Lee bowed out of Google seemingly at just the right time to turn his focus from the behemoths to the little guys, founding Innovation Works, an early-stage incubator for Chinese startups. Since 2009 the incubator has been solely focused on investing in and coaching young entrepreneurs in the Chinese market, and today the incubator announced that it has raised $180 million to create the so-called “Innovation Works Development Fund” (IWDF). The fund is the first dollar-based fund raised by the company to be focused on Chinese Internet startups.

According to the Innovation Works’ announcement, corporations, family funds, and institutions participated in the fund, including investors like WI Harper, Silicon Valley Bank, Sequoia Capital, IDG-Accel, Foundation Capital, Foxconn, SAP, Bertelsmann, Motorola, Autodesk, and pension funds from the U.S. and Canada.

Ron Conway and Yuri Milner were also part of the list of investors, as well as executives and former executives from top Internet companies like Google, YouTube, Facebook, Amazon, and Yahoo. While American tech companies have largely struggled to expand into the Chinese market, it’s nice to at least see American money working its way into China to support startups and the local entrepreneurial ecosystem. Hopefully, it will encourage Chinese founders to build businesses unique to the region and not Facebook/Twitter ports.

The incubator had previously raised $115 million and, to date, Innovation Works has invested in approximately 34 startups, nine of which have successfully obtained sizable Series A financing from third-party VCs, according to Lee. Innovation Works, like its American brethren TechStars and Y Combinator looks to help early-stage startup teams grow quickly with the help of mentoring services and an infusion of cash. Lee manages the fund alongside WI Harper Group.

For more, check out Innovation Works at home here.


Dr. Kai-Fu Lee is the Founder of Innovation Works. He served as Vice President, Engineering of Google Inc., and President of its Chinese Operations since July 2005.


Learn more

On 30th anniversary, HP launches limited-edition financial calculator

This post is by Dean Takahashi from VentureBeat

Click here to view on the original site: Original Post

For math geeks, it doesn’t get better than this.

Hewlett-Packard is marking the 30th anniversary of its HP 12c Financial Calculator today by launching a limited-edition version aimed at nostalgic fans.

While the company hasn’t won praise for its business strategy lately, the HP 12c calculator has been one of its best-selling products ever, and it has been in continuous production for the last three decades. It shows that high-quality products can keep selling for a very long time, even if it seems like time has passed them by. Yes, geeks can be very loyal.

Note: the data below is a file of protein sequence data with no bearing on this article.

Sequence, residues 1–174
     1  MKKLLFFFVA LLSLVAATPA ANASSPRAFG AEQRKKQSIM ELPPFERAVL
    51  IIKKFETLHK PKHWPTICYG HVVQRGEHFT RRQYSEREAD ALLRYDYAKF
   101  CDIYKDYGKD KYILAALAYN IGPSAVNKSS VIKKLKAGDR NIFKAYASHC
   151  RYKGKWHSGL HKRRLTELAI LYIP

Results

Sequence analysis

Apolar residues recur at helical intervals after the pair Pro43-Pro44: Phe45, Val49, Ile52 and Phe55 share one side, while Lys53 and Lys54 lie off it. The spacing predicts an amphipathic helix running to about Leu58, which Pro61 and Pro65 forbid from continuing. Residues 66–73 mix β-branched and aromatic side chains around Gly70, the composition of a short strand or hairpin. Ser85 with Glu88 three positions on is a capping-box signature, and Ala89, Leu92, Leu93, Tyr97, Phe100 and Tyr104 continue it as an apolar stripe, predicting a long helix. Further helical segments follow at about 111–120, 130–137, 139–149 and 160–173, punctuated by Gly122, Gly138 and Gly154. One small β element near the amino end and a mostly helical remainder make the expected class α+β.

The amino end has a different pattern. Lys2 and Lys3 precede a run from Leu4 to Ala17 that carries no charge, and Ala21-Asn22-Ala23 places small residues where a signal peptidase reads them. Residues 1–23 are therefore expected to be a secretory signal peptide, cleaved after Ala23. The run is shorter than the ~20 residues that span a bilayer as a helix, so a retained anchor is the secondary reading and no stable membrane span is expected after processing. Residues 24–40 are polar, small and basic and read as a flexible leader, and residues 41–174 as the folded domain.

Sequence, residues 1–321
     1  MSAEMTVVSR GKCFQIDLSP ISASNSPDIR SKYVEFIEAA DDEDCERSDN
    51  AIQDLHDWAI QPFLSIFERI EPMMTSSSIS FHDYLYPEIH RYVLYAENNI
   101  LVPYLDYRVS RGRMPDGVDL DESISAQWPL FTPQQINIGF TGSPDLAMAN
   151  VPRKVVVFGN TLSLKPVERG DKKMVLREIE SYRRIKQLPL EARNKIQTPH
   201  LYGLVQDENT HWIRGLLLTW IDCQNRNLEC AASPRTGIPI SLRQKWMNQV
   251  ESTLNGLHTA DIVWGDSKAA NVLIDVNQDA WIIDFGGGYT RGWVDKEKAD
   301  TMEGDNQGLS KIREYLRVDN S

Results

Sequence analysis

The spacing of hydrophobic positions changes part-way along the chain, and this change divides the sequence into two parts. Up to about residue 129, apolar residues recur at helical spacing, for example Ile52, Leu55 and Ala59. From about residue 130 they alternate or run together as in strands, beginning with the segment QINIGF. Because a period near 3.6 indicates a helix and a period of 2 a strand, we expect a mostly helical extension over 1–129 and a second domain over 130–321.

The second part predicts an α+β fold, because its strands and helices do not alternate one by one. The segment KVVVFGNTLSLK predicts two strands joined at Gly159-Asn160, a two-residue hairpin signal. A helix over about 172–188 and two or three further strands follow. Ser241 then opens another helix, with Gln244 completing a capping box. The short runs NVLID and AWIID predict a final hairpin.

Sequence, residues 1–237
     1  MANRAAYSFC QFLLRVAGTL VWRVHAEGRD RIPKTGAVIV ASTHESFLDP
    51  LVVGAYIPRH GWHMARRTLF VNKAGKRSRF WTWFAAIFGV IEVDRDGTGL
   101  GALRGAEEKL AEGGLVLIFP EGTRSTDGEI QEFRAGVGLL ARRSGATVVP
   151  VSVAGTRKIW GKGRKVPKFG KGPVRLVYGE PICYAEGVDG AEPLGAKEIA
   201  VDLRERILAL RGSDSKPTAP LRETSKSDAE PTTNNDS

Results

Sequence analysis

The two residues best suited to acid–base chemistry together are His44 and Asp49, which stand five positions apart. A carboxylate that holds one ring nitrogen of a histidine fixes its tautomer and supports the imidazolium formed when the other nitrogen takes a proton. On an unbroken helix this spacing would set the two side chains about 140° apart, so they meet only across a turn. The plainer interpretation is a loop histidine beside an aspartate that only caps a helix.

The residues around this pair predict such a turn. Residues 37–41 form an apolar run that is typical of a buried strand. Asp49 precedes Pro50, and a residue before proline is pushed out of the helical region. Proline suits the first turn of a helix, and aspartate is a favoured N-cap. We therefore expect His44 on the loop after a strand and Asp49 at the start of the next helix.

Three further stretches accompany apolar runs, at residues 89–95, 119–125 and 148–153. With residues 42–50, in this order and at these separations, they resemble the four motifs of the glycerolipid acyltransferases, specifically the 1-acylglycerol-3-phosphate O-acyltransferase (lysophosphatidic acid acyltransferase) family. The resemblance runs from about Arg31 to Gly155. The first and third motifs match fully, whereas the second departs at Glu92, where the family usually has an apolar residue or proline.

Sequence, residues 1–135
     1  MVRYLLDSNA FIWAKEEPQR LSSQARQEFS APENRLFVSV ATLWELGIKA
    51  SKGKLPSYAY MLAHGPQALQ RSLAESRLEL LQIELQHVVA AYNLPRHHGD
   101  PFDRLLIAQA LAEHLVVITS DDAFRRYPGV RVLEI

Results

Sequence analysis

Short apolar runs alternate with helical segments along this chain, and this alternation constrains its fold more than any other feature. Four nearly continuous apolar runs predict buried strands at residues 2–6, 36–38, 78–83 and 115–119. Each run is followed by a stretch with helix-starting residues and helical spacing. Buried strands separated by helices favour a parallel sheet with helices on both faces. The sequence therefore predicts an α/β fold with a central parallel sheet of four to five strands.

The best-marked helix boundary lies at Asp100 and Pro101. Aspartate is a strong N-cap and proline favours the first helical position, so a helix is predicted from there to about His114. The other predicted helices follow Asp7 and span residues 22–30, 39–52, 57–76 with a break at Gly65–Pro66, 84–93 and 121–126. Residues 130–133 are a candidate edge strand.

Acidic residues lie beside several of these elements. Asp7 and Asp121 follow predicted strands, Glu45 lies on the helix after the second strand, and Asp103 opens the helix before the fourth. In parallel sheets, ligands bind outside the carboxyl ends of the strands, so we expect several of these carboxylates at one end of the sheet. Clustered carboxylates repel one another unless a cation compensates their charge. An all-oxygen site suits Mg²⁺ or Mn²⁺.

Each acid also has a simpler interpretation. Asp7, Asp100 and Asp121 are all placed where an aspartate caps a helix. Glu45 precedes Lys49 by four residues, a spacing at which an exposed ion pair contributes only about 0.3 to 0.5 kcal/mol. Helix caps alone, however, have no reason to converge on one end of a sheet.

“It lasted this long because of the quality of it,” said Dennis Harms, the original project manager on the 12c, now working in HP’s printer division, in an interview. “We had no idea it would last this long. We thought it would have a two-year life.”

As a result of the longevity, multiple generations of people have grown up with fond memories of the 12c. In some ways, the 12c had great timing. It came out at a time when it could address most of the functions that financial experts needed, like calculating interest rates for real estate agents. And it could calculate those functions instantly. You didn’t have to wait for it to boot up. So it came with a complete feature set and it didn’t need to be replaced every year with models that were on the “faster, better, cheaper” track. That’s pretty rare for tech gadgets, which normally always benefit when they move from last year’s model to next year’s model.

HP calls this machine the “gold standard of business calculation,” and the Museum of HP Calculators calls it the “calculator that wouldn’t die.” Though it has been followed by many other models since its introduction in 1981 for $150, the device is HP’s best-selling and longest-selling calculator. It came out the same year of the launch of the space shuttle Columbia and the same year as the IBM personal computer.

The HP 12c has a landscape layout, computations that are more accurate than federal standards publications, and a keypad that lets users enter complex formulas. It has replaceable batteries and fits in a shirt pocket. The calculator is one of only two calculators permitted for use during financial professional certification exams.

“It’s too bad we can’t calculate how many deals were decided, trades transacted and loans granted with the assistance of the 12c,” said Phil McKinney, vice president and chief technology officer at the personal systems group at HP.

Harms (pictured) said that the previous calculator model suffered from quality problems. The keypads stuck and HP never shipped it. So Bill Hewlett and Dave Packard, the founders of HP, told the engineers to ship it only when it was perfect because the company’s reputation was riding on the 12c. At that time, calculators were a big part of HP’s business, which consisted mostly of selling test and measurement equipment.

“Management told us, ‘Don’t screw this up,’” Harms said.

HP built  chip factory to manufacture the two major chips for the 12c. The factory used the complimentary metal oxide semiconductor (CMOS) manufacturing process, which now dominates the industry. One chip was nicknamed R2D2, after the Star Wars droid, as an abbreviation for RAM ROM Display Drive. And it had a microprocessor built with 6-micron circuitry. Now, chips can be fabricated with 32-nanometer circuits, many times smaller. (If I had a calculator handy, I would figure out how many times smaller that is). HP also used just-in-time inventory for the calculator.

That meant that it gathered its suppliers close to the factory and fed parts into the manufacturing as they were needed. The result was that HP could build 750,000 to 1 million units for the launch of the device. Retailers such as student book stores typically ordered much more than they needed because they were never sure HP would ship them enough supplies. So they ordered a lot of the new calculators — and the devices sold out. HP hasn’t quite figured out how many it has sold to date.